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Notes Of the Royal Kip, The Deva: 1 Kip (Kingdom Of Laos, 1962)-Article

Updated: Apr 12

This small Laotian banknote represents the 1st denomination of Royal Kip (Series 1962). The Royal Kip replaced the French Indochinese Piastre at par (1:1), in 1955. The latter was the colonial currency of French Indochina. Which featured a French text observe and a reverse printed in the local language. These language included Vietnamese, Khmer, and Lao.

The banknotes of Royal Kip feature Lao script on their observe and French on their reverse side. Strangely the notes were printed by different printers, primarily British printers Thomas De La Rue and Bradbury Wilkinson & Co. The Royal Kip was formally replaced by the Pathet Lao Kip, in 1979.


The observe features a ornate illustration of a Deva, a Buddhist celestial being. In the Buddhism. the Devas are said to be god-like beings. Who are more powerful, longer-lived, and happier than humans. Their veneration is similar to the Nats of Myanmar, which are depicted with similar traits. With higher and lower hierarchies, within their ranks.

The Lao script header reads "ທະນາຄານ​ແຫ່ງ​ຊາດ​ລາວ", translated as the "National Bank of Laos". While the footer reads "ຜູ້ປອມແປງຈະຖືກລົງໂທດຕາມກົດໝາຍ", warning "The Counterfeiter Will Be Punished In Accordance With The Law".

Opposite of the portrait is a framed watermark area, featuring Erawan the three headed elephant. The Lao script header reads "ທະນາຄານ​ແຫ່ງ​ຊາດ​ລາວ", translated as the "National Bank of Laos". While the footer reads "ຜູ້ປອມແປງຈະຖືກລົງໂທດຕາມກົດໝາຍ", warning "The Counterfeiter Will Be Punished In Accordance With The Law".

At the note's center is additional text, on guilloché backing with floral embellishments. The first lint line of text reads "ໜຶ່ງກີບ", representing the note's "One Kip" value. The note's serial number "S 393137" can be seen below. This is followed by a pair of signatures, representing the Bank Governor and Censure. Their titles are given both in Lao and French.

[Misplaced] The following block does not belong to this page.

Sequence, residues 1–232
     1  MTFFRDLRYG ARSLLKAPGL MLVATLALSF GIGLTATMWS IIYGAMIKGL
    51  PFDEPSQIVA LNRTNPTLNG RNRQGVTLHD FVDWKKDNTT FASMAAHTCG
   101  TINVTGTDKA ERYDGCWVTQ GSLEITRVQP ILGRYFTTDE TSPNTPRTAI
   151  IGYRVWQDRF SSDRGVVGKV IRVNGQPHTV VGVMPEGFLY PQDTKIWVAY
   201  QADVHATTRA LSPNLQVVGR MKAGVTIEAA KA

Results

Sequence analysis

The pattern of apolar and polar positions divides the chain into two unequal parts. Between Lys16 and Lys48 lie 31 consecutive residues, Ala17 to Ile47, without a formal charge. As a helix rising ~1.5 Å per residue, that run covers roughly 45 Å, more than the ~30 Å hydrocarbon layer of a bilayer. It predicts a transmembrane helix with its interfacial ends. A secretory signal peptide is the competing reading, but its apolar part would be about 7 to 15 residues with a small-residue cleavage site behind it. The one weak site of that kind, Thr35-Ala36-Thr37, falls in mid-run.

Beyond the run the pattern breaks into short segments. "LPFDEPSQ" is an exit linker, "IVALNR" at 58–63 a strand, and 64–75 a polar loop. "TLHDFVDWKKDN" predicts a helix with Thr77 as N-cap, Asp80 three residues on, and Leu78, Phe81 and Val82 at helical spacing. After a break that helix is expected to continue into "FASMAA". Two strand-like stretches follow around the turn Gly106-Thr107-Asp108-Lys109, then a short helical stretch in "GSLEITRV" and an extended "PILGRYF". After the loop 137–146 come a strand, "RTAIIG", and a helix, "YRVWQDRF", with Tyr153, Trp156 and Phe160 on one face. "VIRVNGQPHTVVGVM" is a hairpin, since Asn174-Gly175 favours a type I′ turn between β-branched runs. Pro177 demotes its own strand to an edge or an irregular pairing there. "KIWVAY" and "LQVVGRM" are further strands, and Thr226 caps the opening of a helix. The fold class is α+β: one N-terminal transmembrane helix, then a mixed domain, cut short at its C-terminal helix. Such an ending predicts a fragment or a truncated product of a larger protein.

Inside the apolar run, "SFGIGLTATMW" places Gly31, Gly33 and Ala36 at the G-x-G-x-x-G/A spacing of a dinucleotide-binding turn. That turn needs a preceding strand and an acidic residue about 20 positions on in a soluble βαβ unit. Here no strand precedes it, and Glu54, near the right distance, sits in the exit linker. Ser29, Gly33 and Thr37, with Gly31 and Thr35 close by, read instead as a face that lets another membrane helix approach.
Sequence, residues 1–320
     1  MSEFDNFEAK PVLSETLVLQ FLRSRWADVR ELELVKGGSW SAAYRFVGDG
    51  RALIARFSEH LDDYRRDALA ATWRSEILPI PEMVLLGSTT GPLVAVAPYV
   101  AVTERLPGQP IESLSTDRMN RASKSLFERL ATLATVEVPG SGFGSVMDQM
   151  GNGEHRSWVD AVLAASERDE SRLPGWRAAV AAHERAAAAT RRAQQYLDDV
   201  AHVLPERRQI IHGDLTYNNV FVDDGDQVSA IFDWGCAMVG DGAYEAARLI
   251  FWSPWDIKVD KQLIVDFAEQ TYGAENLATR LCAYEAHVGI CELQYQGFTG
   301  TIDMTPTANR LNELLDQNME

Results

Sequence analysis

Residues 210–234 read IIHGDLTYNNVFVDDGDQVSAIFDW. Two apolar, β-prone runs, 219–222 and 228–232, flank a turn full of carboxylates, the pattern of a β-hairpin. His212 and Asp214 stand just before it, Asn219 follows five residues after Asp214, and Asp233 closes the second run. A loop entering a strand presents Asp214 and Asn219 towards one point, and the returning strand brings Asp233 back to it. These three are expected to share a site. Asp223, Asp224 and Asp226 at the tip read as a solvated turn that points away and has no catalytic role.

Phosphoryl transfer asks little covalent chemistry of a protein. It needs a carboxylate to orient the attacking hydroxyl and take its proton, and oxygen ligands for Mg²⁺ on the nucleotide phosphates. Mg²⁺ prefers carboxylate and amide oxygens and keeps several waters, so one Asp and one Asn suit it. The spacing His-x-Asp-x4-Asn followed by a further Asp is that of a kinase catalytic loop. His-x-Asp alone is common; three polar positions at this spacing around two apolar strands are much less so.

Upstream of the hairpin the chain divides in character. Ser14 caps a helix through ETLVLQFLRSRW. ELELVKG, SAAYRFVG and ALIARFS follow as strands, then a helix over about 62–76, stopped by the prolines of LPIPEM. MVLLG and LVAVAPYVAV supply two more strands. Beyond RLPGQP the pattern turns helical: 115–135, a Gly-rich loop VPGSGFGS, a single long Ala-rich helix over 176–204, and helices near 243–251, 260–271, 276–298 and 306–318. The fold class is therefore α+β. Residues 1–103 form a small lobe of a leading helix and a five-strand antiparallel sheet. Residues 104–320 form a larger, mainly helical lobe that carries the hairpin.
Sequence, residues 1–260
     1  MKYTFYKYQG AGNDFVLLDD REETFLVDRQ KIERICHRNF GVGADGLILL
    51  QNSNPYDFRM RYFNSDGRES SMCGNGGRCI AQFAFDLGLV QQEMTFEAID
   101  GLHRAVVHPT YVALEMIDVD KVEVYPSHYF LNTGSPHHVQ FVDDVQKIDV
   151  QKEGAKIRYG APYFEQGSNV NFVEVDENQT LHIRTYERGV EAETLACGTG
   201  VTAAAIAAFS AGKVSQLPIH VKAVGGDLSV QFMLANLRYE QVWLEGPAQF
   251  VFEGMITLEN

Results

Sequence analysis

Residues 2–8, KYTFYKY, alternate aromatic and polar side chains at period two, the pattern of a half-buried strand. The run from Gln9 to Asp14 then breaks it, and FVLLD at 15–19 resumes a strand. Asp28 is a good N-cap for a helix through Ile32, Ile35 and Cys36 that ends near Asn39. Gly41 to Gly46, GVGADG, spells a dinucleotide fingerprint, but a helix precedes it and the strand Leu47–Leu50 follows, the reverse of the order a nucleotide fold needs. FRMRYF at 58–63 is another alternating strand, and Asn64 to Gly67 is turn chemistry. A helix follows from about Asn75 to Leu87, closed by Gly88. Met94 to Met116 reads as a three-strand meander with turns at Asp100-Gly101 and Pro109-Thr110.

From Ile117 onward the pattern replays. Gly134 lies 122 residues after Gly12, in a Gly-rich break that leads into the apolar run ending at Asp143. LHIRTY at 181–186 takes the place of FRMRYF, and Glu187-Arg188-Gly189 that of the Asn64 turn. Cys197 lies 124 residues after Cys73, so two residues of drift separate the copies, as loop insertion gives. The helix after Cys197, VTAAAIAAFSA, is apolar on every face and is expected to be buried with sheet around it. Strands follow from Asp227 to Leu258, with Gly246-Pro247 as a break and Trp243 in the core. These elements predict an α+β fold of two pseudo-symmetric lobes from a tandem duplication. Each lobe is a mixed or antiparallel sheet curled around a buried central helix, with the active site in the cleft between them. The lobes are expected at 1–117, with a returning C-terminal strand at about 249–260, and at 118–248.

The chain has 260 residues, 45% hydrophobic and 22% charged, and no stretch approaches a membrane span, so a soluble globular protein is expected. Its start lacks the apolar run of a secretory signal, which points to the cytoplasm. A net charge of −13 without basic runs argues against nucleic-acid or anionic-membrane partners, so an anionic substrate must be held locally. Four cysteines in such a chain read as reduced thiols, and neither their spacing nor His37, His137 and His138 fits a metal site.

There Lao numerals (໑) at 3 of the note corners, they represent the note's "1" Kip value. The upper left numerals rest on floral border, which spans beneath the header.


The reverse depicts Erawan, the three headed elephant. The royal symbol of the Kingdom of Laos from 1953–1975. Notably Erawan is also the Thai-Laotian name for Airavata. The white elephant mount of the Hindu god Indra, King of Svarga (Heaven) and the Devas (Gods).

Unlike the observe, the reverse features France language text. Although it mostly mirrors the same content. The header reads, the "Banque Nationale Du Laos". Translated as the "National Bank of Laos". While the footer reads, "Le Contrefactuer Sera Puni Conformement A La Loi". This is warning, it translates to "The Counterfeiter Will Be Punished In Accordance With The Law".

The footer read "Un Kip", representing the note's One Kip face value. Which is reinforced by four additional number "1"s, grouped in pairs. The first pair are located on the upper-left and right corners. While the second rests on a pair of ornate embellishments, which resemble "leafy pyramids.

1962 Royal Kip Gallery

(Gallery features the complete 1962 Royal Kip Series)


Additional Notes

  • The note's dimensions are 100 x 60 mm or 3.93 x 2.36 in, smaller than a US Dollar.

  • This banknote is wider and shorter, than a standard US Dollar (6.14 x 2.61 in).

  • It's recommended to use large protective sleeves cut to size, when preserving this note.

  • On 22 October 1953, the Kingdom of Laos was granted independence from France.

  • French Indochina included the modern nations of Vietnam, Laos, and Cambodia.


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